The ‘Public Hating’ of Donald Trump

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In 1955, popular talk show host Steve Allen wrote a chilling short story. Set in the faraway future of the late 1970s, the story begins in New York City’s Yankee Stadium, where some 70,000 spectators munch on hot dogs and down cold beers as they eagerly await the afternoon’s main event.

But this is no World Series game for which the crowds have assembled. In Allen’s dystopian future, they are there to join in a “public hating.” Drawing on the depths of their collective hatred, the mob directs such powerful mass hostility and rage at a political prisoner that the unlucky victim actually suffers physical pain, writhing and convulsing to the point of death.

Today – at a time when the American Left has taken its personal animosity toward President Donald Trump to hysterical and at times violent extremes – Allen’s story, “The Public Hating,” seems practically clairvoyant. Instead of gathering in a stadium, today’s haters post photos online of the president’s bloody, decapitated head. They make music videos depicting his murder. They tweet about their desire for his assassination. And when that fails to quench their hatred, they don masks, wield clubs, and use brute force to assault his supporters – all in the name of “love trumps hate,” of course.

Ironically, Allen wrote his story amid the national fear of Communist infiltration that became known as McCarthyism. At the time, it was the American Left that decried the witch hunt atmosphere of the McCarthy hearings. They staunchly declared their defense of free speech and the U.S. Constitution. And they protested the accusations hurled and reputations ruined without any substantiating evidence.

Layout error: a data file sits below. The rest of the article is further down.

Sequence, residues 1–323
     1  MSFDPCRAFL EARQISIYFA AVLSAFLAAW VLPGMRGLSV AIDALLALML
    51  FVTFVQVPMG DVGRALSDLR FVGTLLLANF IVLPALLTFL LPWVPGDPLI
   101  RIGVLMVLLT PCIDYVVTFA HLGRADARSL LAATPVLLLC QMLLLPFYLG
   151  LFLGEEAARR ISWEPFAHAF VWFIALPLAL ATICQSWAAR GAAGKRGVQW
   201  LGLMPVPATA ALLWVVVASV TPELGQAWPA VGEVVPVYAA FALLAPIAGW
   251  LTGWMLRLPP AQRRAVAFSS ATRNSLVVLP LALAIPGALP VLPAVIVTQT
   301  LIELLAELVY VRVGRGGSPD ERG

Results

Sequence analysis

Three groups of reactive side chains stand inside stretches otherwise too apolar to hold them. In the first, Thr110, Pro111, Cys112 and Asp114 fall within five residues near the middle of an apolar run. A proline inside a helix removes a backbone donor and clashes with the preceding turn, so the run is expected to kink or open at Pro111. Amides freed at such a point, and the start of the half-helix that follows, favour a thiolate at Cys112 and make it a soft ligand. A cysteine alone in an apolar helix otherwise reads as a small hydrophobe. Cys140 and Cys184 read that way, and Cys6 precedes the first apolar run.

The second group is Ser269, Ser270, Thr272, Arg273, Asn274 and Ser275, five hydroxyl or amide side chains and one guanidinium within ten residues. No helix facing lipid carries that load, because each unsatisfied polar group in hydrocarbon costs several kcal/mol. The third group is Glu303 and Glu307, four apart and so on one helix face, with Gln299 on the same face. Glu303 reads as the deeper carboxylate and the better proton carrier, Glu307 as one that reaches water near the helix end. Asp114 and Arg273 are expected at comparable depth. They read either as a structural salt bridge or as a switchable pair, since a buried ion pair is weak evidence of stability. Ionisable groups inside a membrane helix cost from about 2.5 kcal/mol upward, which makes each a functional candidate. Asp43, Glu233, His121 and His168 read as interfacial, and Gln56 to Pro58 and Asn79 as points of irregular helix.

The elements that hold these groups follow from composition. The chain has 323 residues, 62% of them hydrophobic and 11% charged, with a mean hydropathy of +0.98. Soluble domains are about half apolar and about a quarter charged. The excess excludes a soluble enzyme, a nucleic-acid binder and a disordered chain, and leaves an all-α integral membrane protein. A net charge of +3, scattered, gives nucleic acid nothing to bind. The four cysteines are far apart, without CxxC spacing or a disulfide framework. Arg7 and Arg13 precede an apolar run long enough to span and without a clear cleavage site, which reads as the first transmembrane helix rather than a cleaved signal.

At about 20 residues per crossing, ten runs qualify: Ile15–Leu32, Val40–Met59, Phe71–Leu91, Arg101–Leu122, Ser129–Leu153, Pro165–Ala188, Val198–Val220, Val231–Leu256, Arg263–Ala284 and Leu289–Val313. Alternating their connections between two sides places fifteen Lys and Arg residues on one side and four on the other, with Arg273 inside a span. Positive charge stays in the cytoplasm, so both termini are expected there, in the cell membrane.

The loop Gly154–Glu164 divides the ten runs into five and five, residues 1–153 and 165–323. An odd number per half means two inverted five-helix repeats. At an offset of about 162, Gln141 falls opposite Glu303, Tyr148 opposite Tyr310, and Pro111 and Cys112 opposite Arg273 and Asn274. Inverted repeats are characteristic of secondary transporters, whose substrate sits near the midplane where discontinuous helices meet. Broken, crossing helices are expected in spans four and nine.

Yet today, it is the Left and its media allies who have set as their goal nothing less than the removal from office of a lawfully elected sitting U.S. president. No outlandish rumor is beyond circulation, no crisis beyond exploitation. They don’t know exactly what Trump has done to warrant removal from office, but they are absolutely certain he has to go, and they’re not about to let trivial things like the Constitution, the rule of law, or an absence of evidence get in their way.

The parallel between “The Public Hating” and the Left’s hatred for Donald Trump is shown most acutely through the short story’s master of ceremonies – identified as the former president of Harvard University – who whips the crowd into a frenzy of mass animosity capable of inflicting pain and death. He is the personification of today’s mainstream media, which has long since abandoned any pretense of objectivity in favor of partisanship and allegiance to its anti-Trump agenda.

“I want you to let him know that he is worse than a murderer, that he has committed treason, that he is not loved by anyone, anywhere in the universe, and that he is, rather, despised with a vigor equal in heat to the power of the sun itself!” he screams. “…I demand of you that you unleash your power to despise. I want you to become ferocious. … Do you hate this man?”

Sound familiar?

The saving grace of “The Public Hating” is a lone figure who observes the crowd’s malevolent assault with growing horror. As he watches the sea of faces contorted with rage and the prisoner thrashing about in anguish, he finds he can stomach the brutal attack no longer. Rejecting hatred, he stands up and leaves before the mob completes its repugnant task.

Today’s Left is similarly consumed by hate – so much so, that it seems as though hating Trump has become the new McCarthyism. How long must we wait before the American people can no longer stomach the vicious attacks on President Trump and say, “Enough”?


Jennifer Logue is a writer, former newspaper editor, and communications consultant. A Massachusetts native, she moved in 2013 to Florida, or as she likes to call it, “America.”